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Mutant Fish
When fish are no longer restricted to rows and columns, strange varieties emerge. When either the defining set or the secondary set contains a mixture of rows, columns and/or boxes, these fish are classified as mutant fish.
There are no mutant X-Wings, because the interaction between a single box and line is fully covered by the Locked Candidates technique.
Here is a fish diagram of a Mutant Swordfish, with the defining set consisting of 2 rows and 1 column, and the secondary set containing 1 column and 2 boxes.
Mutant fish can also be found in finned variations.
The 5 Mutant swordfish patterns
The previous example is the maximum pattern for the mutant swordfish. It consists of 10 cells with 3 group conjugates in rows 1 and 9 and column 7. Fortunately, 4 of the 10 cells in the maximum pattern are redundant. If a candidate is removed from a single cell of any or all of the 4 row and column groups in box 3 and 9, the pattern will still work. Therefore there are 5 patterns for the mutant swordfish with 6, 7, 8, 9, and 10 cells. This is analogous to the 4 patterns of the row or column swordfish with 6, 7. 8. or 9 cells. The maximum pattern is by far the rarest of the 5 patterns.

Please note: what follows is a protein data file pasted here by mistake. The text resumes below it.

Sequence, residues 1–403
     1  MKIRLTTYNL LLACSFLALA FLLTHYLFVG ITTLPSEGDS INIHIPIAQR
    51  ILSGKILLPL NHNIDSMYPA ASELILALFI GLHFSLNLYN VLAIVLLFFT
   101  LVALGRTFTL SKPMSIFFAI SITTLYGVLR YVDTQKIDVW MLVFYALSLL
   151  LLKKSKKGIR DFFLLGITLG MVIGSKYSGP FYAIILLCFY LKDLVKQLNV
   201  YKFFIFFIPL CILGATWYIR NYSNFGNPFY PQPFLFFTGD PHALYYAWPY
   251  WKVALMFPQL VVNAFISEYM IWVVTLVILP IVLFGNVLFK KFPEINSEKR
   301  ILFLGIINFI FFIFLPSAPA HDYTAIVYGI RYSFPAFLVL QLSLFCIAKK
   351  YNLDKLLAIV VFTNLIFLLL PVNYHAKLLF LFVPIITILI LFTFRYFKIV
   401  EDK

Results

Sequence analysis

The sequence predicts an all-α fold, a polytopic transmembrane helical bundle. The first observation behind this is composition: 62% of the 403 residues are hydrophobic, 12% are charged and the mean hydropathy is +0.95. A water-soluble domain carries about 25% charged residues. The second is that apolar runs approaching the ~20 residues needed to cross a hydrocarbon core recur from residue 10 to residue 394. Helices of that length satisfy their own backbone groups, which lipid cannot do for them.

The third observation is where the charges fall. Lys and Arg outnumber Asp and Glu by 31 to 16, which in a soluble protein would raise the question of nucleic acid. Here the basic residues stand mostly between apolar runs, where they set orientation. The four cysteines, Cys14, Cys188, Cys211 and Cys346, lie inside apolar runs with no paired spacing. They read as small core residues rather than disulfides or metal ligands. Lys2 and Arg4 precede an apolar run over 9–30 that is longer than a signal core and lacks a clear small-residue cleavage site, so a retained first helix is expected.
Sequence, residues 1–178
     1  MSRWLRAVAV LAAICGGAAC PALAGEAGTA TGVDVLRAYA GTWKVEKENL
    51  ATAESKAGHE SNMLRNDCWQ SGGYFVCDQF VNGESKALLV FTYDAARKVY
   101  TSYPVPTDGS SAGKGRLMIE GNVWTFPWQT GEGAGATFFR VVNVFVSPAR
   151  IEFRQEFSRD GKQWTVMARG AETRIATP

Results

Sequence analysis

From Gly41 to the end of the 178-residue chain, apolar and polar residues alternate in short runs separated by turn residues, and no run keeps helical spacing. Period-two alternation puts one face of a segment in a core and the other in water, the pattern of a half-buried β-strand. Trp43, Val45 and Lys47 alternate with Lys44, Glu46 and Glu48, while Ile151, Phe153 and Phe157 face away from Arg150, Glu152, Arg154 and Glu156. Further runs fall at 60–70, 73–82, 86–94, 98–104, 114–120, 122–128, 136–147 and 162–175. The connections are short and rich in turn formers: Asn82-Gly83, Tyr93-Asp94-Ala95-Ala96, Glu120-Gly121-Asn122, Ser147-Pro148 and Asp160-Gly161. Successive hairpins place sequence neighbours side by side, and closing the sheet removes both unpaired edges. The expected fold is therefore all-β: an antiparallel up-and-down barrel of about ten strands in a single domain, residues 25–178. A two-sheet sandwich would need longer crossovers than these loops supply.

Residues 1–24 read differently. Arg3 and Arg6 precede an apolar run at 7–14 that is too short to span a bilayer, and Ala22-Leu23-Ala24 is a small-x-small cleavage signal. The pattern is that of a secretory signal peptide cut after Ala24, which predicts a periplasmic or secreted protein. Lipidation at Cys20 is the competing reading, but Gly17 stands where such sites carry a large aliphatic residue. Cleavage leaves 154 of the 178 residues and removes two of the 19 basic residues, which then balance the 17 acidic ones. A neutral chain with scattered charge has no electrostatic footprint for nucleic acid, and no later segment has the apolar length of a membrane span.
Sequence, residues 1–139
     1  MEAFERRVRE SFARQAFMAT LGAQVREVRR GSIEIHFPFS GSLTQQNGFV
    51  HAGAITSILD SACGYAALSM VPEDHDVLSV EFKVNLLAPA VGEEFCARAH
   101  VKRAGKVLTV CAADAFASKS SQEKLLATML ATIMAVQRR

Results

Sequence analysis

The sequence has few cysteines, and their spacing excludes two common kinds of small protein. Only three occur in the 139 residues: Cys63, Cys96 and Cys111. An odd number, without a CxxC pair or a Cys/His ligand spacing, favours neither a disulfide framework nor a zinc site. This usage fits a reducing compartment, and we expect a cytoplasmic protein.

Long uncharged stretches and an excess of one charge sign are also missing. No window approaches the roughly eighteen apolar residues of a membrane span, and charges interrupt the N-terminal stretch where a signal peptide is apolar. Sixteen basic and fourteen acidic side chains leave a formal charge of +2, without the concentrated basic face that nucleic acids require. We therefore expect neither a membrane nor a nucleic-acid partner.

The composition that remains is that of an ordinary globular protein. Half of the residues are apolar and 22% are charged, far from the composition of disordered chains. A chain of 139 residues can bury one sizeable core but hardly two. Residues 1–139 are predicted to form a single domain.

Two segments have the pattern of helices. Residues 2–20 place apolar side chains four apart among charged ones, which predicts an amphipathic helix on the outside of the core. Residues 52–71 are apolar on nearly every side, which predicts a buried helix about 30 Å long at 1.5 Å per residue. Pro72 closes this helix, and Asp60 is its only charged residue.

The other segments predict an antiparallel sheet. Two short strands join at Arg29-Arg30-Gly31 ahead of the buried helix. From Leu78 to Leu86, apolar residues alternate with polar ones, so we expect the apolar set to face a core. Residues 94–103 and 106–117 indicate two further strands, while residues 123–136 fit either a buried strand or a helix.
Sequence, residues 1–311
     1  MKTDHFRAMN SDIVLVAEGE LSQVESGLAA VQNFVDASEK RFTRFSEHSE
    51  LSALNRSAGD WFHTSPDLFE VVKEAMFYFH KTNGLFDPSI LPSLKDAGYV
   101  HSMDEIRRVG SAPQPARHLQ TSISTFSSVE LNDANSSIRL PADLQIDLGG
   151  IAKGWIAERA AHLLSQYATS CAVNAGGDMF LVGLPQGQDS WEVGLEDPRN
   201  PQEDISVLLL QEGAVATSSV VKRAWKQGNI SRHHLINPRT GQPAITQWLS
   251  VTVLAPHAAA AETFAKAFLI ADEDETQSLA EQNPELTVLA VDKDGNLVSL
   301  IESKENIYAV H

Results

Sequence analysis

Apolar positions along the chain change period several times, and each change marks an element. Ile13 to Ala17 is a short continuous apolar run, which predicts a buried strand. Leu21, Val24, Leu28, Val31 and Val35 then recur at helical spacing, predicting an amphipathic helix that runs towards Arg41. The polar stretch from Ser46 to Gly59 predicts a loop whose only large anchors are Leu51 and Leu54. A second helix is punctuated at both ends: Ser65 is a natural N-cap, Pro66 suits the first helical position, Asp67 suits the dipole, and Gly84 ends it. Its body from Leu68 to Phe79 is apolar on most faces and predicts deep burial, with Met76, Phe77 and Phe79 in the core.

Minimum Pattern for the Mutant Swordfish
The minimum mutant swordfish pattern, which contains only 6 cells is shown in the diagram below. Here all of the group conjugates in the previous example become conjugate pairs.
How it works
There are 3 sets of conjugate pairs in the pattern, AC, BD, and EF. For each of these, one cell must be X and the other must be not X. If A is X, its conjugate C must be not X and there can be no other X in column 2 including B. Therefore B's Conjugate D must be X and and there can be no other X in box 9 including F. Therefore F's conjugate E must be X and there can be no other X in box 3. If B is X, its conjugate D must be not X and there can be no other X in column 2 including A. Therefore A's Conjugate C must be X and and there can be no other X in box 3 including E. Therefore E's conjugate F must be X and there can be no other X in box 9.
A Finned Mutant Swordfish Example
An example of a finned mutant swordfish is shown in the diagram below, The fin appears at r1c7 in box 3. Note this is the only cell where a fin can be located in box 3 since the other cells in box 3 row 1 and column 7 are part of the pattern. The 4 candidate elimination cells also occur in box 3.
See Also
This page was last modified 01:54, 11 November 2008.